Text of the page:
School Cost Savings: Better for Bottom Line, Students & Teachers
By Green Coast on 16 Jul 2015
Joe Ryan is the Senior Building Engineer for Green Coast Enterprises. Through its energy management service, Green Coast Enterprises helped three schools save more than $200,000 in utility costs over the past year. Most of the reductions occurred almost immediately through operational changes to existing systems. Other results included improved comfort and reduced wear-and-tear on equipment, which prolongs a system™s life and avoids large capital costs. Past and current clients include KIPP New Orleans Schools, Firstline Schools, ReNEW Schools, and Choice Foundation.
Question: What does Green Coast Enterprises do for school clients?
Ryan: What we are providing is energy management, so instead of hiring us for an energy audit, they’re hiring us for the ongoing management of their building. We go into the building to find out how it is operating; to learn about the system in the building; and to see what equipment—such as chillers, boilers, air handlers etc.— are involved. Every building is different and has its own personality, and we have to become experts in how that building operates and functions.
Early on, we can make some changes fairly easily. If we find the system is operating 24/7, then we will recommend operating it within open hours. Very quick savings and often that’s just part of the solution. We look less at upgrading system—such as higher efficiency chillers, boilers or lighting systems—and more at optimizing building operations. For instance, before you put in better lights, let’s just turn off the lights so that they’re not being used when no one is there. If you do that, the savings are probably bigger than if you install a new lighting system.
I often use the analogy of the Toyota Prius. The Prius doesn™t have a magic bullet for getting great gas mileage. They’ve optimized 20 different systems to do it. So with all of them added together, they get about twice the fuel mileage. When we go into a building, it’s the same thing: there’s typically no silver bullet, but it’s a matter of finding all those little things, which can add up to a 50 percent savings in the building.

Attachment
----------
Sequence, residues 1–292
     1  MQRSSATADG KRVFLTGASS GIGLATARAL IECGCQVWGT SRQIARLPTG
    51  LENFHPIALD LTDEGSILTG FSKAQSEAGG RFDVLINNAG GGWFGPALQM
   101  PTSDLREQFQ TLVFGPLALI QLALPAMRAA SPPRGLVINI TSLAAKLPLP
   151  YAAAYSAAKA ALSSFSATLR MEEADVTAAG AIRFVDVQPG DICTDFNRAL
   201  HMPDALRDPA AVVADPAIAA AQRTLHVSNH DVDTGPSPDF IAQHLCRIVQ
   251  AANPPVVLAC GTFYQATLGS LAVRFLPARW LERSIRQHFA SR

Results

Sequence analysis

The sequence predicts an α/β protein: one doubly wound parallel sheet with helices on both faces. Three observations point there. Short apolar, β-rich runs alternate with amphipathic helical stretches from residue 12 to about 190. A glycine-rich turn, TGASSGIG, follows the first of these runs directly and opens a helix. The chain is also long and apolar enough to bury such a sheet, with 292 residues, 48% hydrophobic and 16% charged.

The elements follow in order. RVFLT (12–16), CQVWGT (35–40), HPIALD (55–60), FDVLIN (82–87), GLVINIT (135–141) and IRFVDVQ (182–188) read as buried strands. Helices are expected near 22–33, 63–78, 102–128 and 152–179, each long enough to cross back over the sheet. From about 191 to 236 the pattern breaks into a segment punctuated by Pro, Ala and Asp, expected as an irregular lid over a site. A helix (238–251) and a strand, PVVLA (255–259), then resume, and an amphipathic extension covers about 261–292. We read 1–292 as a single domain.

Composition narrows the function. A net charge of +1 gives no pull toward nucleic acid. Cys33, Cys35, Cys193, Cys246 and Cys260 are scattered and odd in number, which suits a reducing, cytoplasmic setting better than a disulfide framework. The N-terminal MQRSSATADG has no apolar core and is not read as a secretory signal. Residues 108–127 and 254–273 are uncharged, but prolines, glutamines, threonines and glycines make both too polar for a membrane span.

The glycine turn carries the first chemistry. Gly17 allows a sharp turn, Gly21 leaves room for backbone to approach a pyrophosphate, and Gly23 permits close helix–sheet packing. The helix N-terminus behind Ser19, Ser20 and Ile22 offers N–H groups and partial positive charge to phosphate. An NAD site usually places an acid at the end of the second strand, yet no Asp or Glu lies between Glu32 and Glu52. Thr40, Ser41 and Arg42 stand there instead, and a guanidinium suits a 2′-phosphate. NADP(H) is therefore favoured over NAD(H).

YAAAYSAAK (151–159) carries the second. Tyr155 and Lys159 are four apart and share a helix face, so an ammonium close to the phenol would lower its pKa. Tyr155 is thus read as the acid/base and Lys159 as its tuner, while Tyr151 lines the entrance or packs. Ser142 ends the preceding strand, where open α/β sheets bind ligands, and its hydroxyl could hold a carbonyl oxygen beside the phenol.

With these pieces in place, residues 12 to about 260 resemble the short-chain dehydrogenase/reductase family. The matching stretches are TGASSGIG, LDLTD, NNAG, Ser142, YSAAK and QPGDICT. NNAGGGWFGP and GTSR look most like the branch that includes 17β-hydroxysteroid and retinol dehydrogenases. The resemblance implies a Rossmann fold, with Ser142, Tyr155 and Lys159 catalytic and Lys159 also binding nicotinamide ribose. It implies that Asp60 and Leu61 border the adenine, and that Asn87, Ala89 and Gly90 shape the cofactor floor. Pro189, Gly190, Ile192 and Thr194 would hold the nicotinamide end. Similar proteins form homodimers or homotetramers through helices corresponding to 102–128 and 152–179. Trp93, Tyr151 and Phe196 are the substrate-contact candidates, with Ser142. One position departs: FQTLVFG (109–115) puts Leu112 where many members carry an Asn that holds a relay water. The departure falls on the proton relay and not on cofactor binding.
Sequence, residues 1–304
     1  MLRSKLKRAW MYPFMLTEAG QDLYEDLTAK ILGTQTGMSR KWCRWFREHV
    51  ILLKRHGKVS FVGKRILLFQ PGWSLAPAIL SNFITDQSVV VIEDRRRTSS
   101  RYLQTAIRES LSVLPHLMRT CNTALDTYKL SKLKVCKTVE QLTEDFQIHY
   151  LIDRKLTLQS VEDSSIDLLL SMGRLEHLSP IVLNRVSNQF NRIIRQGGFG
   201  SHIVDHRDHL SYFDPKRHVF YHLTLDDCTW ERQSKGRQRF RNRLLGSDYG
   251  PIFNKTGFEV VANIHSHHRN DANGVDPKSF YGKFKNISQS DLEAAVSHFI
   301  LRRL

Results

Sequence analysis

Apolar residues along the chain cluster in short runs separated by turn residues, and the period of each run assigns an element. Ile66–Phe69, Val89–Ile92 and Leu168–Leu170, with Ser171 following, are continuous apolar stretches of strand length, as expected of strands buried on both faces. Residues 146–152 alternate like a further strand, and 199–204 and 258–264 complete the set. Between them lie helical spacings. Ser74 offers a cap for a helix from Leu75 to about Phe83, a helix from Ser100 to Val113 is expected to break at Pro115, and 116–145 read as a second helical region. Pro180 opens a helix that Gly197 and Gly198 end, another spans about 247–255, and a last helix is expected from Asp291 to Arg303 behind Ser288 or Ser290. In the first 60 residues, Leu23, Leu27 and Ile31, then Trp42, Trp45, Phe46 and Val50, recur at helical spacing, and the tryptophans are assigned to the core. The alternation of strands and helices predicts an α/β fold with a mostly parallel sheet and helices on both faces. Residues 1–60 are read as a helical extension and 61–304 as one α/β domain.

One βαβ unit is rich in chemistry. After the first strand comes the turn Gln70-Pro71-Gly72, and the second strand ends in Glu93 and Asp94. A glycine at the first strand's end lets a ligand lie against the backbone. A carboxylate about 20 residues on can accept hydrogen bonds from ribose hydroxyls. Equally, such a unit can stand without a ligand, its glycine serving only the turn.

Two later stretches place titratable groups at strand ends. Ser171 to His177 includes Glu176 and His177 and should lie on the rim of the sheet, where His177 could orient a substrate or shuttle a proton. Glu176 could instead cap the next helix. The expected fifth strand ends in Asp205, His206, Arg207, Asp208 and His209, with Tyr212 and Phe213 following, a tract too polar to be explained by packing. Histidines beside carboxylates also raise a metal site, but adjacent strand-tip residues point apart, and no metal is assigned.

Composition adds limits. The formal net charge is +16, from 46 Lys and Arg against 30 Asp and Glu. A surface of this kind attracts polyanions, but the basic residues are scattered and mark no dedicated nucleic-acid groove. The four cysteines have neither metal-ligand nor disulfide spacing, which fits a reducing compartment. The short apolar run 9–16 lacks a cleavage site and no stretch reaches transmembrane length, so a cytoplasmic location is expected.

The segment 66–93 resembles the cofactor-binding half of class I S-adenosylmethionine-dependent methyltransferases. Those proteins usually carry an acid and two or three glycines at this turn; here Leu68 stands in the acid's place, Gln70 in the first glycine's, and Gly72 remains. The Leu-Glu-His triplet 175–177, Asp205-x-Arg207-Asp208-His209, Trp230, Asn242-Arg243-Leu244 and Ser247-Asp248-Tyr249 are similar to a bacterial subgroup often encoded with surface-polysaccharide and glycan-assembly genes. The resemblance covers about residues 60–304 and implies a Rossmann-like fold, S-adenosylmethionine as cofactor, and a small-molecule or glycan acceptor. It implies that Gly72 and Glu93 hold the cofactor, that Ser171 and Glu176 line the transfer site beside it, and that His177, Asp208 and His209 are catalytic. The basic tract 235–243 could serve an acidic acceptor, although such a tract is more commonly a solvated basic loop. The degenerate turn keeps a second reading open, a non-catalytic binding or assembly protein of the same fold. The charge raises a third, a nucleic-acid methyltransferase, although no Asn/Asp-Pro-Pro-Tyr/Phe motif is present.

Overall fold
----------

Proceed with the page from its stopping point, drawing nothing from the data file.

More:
Question: The equipment is being used too much?
Ryan: In some schools, the equipment is running 24/7. Even in newer buildings and sometimes that could be the schedule that is programmed into the building, but more likely it is the settings in the system that™s making it operate 24/7. One of our biggest challenges in New Orleans is our climate and humidity and figuring out how to deal with that humidity and still be able to provide helpful and healthy conditions. In a school facility that’s a challenge.
Question: But can’t a maintenance person handle these operations?
Ryan: In some of the older buildings, systems are simple and fairly straightforward, but in new and renovated buildings,they’re not. The systems are complicated and they really need an expert dealing with them on a regular basis. Each school is unique: the systems are little bit different; the layout is a little bit different; and their brains are programmed a little bit differently.
Most of our clients understand that they have a problem. They may not know what it is, but they know that they’re getting very large utility bills at the end of each month. They know that they’re getting a lot of complaints from teachers and administration about uncomfortable conditions and this includes new buildings. They could hire someone to do an energy audit and some of them have, but the truth is that there isn’t a quick and simple fix to most of these problems. It’s really an ongoing operation review and keeping an eye on systems to make sure they’re operating properly.
Question: You’ve been a teacher, so how do properly functioning buildings contribute to learning?
Ryan: If you reduce the amount spent on energy, then you have more money for the classroom. The more directly significant effect on students and teachers, however, is the comfort and health in the building and classroom. It’s important to get the temperature and humidity in the comfort zone.
Another big health issue that will affect performance is CO2 levels, or carbon dioxide in classrooms. New schools have done a good job of introducing fresh, outdoor air into the classrooms, so you can dilute the buildup of CO2, which makes students drowsy, inattentive and lowers energy levels in teachers. Plus, high CO2 levels can cause illness and increase absences. An alert and energetic teacher is going to do a better job than a drowsy and listless one. In older schools, there was less focus on introducing fresh air into the classroom, so it’s a little more challenging to correct the CO2 levels.
These are a few of the changes we can make in a school.
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